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Stawell lab focus in Science Week
S“It’s wonderful to be able to introduce new audiences to the exciting research we are preparing to do in Stawell to explore dark matter, which might change the way we understand the universe” – Maddy Zurowski
tudents across Australia have had an opportunity to learn about Stawell Underground Physics Laboratory as part of University of Melbourne’s Science Festival masterclass series.
ARC Centre of Excellence for Dark Matter Particle Physics students Maddy Zurowski and William Melbourne discussed the role of the laboratory in an online masterclass last week.
The presentation was part of National Science Week.
Ms Zurowski explained dark matter and introduced students and the general community to research that will start in Stawell later in the year.
“It’s wonderful to be able to introduce new audiences to the exciting research we are preparing to do in Stawell to explore dark matter, which might change the way we understand the universe,” she said.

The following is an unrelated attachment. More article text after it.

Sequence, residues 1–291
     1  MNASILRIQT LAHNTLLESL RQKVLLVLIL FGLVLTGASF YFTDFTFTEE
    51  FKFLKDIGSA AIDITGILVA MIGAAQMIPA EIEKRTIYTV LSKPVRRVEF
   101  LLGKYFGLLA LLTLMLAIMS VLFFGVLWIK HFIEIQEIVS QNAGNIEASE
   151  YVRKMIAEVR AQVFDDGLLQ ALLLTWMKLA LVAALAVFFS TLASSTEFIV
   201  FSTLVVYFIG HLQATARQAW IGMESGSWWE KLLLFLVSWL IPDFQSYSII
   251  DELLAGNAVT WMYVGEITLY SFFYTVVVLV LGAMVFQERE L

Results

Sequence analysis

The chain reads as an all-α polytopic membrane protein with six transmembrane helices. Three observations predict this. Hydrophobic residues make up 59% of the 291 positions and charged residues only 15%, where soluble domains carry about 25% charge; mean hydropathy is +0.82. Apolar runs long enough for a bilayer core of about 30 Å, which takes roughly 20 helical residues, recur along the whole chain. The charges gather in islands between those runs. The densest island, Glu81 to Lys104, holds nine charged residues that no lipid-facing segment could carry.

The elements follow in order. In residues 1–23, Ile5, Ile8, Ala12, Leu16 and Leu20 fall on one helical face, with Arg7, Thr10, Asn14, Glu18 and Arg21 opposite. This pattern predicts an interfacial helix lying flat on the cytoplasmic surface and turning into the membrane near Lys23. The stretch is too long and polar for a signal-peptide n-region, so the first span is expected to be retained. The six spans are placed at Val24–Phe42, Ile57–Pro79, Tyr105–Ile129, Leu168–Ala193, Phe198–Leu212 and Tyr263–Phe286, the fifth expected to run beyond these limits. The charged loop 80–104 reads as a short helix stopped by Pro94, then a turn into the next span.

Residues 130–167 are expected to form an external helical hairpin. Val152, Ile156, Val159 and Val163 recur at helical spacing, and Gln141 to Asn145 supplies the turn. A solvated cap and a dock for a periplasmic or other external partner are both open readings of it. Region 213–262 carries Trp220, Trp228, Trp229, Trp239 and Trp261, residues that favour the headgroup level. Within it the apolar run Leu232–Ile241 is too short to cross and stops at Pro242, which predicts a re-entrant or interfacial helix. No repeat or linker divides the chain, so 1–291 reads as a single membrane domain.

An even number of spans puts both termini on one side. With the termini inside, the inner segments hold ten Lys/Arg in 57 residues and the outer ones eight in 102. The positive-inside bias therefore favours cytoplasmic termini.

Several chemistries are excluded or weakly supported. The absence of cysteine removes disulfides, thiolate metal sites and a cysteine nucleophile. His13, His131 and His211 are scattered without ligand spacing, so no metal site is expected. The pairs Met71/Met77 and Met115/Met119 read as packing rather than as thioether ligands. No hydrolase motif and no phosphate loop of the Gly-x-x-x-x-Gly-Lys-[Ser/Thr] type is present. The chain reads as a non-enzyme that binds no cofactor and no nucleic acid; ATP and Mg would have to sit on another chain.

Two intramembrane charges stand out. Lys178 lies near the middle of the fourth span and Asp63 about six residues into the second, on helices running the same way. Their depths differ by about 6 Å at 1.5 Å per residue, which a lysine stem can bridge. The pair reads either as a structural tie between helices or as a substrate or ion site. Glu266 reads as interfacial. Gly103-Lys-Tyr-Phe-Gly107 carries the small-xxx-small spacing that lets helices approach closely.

“It’s also great for students and other participants to see what is involved in a career in science, and the different people involved in scientific research.
“National Science Week offers the opportunity for anyone to get an insight into the reality of scientific careers, and the exciting world-class research that Australian researchers are doing, whether in big cities or in regional Victoria.”
Mr Melbourne said the event demystified physics research – a subject that could seem remote from their everyday lives.
“It’s important that students understand what fundamental research looks like in practice so that they know they can be part of this exciting area of study in the future,” he said.
“It is also beneficial for members of the community to gain an insight into the research that their public institutions are funding, so that they can understand its implications and potential.”
The ARC Centre of Excellence for Dark Matter Particle Physics opened in 2020 to bring together physicists from across Australia, in partnership with international researchers and institutions, to pursue an understanding of dark matter.
Dark matter is a mysterious substance that holds galaxies together and constitutes 80 percent of the matter of the universe.
Its existence is inferred from its gravitational interaction. Many consider its exploration as science’s next frontier.
Some of the research will happen one kilometre underground at Stawell Underground Physics Laboratory in Stawell Gold Mine.
The underground location of the mine aims to reduce interference from cosmic rays, the high-energy particles that constantly rain down on Earth.
Expectations are that construction of the laboratory will be finished by the end of 2021.